Beyond this, the spelling gives us a scads of information about the word's origin, or how it came to become English. That's tremendously helpful. One example would be if the word word is one you don't know yet. If you can suss out a likely linguistic connection, you're a step ahead of the game. If the spelling is so simplified that we can no longer tell if it might be from Latin or Greek or something else, we're at a disadvantage.

Anyway, we all have computers now to help us spell, look things up, and more. We're far and away the most literate swell of humanity the Earth has ever known. Anyone today with a computer and a modicum of financial security beyond subsistence living has within his grasp the simple means of publishing his thoughts to thousands essentially at the flick of a wrist. That, friends, is power. We live in bountiful times unimaginable in ages past. We might, just might, succeed in pulling ourselves out of the muck and woe that has been our lot since Creation. (No, I don't mean 1/1/1970.)

Of course, the problem now becomes the same sort we have with endless TV channels to watch: almost nothing there is worth reading! Is Forums login grammar worth anybody's time? Hard to say.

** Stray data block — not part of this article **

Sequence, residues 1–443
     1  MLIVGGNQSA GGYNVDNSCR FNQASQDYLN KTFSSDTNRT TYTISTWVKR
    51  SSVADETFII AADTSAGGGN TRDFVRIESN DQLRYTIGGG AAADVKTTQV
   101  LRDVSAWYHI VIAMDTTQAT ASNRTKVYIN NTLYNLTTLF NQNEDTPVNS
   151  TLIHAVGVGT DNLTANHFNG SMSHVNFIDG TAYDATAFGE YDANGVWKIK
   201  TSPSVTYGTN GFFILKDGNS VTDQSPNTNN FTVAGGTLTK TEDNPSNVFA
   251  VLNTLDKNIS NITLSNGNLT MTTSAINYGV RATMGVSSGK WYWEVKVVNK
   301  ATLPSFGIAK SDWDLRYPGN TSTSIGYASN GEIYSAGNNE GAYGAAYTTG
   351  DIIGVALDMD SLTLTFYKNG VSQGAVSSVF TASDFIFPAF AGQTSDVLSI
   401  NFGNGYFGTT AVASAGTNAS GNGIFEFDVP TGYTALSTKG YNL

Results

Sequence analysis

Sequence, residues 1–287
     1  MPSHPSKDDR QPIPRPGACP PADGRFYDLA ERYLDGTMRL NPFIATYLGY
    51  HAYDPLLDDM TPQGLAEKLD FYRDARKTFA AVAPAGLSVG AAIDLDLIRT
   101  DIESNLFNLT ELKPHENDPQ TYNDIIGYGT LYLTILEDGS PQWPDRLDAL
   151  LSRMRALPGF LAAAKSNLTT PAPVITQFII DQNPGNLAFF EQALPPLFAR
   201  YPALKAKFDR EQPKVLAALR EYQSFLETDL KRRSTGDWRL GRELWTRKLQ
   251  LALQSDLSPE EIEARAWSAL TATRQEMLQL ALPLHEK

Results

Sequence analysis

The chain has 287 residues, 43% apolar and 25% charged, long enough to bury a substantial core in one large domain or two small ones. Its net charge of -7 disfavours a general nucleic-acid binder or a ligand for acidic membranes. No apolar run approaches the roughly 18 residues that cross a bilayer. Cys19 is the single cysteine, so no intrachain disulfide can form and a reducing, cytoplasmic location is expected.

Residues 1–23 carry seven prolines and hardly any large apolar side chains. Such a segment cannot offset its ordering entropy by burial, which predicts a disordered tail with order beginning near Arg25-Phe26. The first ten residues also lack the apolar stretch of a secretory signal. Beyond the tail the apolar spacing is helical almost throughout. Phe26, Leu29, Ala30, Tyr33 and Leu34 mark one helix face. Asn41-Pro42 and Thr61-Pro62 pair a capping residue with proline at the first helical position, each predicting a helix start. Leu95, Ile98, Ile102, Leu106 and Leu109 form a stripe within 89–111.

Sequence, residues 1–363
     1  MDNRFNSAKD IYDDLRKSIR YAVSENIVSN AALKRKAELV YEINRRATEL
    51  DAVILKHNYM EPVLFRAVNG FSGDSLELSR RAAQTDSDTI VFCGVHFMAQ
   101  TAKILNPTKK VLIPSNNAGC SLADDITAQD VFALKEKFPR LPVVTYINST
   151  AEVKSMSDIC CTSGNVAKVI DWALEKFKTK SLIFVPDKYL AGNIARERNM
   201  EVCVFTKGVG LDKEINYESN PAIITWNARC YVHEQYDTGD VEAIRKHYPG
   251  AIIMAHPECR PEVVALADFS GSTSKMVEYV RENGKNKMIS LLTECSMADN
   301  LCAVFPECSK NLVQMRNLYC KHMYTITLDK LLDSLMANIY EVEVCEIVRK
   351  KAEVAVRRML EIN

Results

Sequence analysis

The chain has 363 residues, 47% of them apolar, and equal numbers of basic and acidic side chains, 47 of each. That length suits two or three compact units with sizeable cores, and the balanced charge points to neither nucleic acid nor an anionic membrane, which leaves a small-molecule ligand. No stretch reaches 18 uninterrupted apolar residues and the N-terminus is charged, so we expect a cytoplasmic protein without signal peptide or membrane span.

/dr

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Re: Forums login grammar

Post by catweazel » Tue Jul 31, 2018 8:48 pm

dman wrote:
Tue Jul 31, 2018 7:59 pm
This goes for both native and non-native speakers. That English has borrowed and continues to borrow so much of its vocabulary from hodgepodge sources is a big reason the spelling is so inconsistent and why it seems, at first blush, illogical.
I have to disagree with that being the primary cause of poor spelling and rotten grammar for native English speakers, for a number of reasons. The primary reasons being:

1) Poor spelling is, among native English speakers, I think, caused by a degraded education system that doesn't teach either the rules of grammar or the rules of spelling.

Before I retired 20 years ago I would rail against corporate documents that read like they were written by a five year old child. The standard excuse always revolved around the notion of the culprits claiming they were never taught grammar and spelling as I was. When it came time to put my children through school I made it my mission to find a school that actually taught grammar and spelling rules.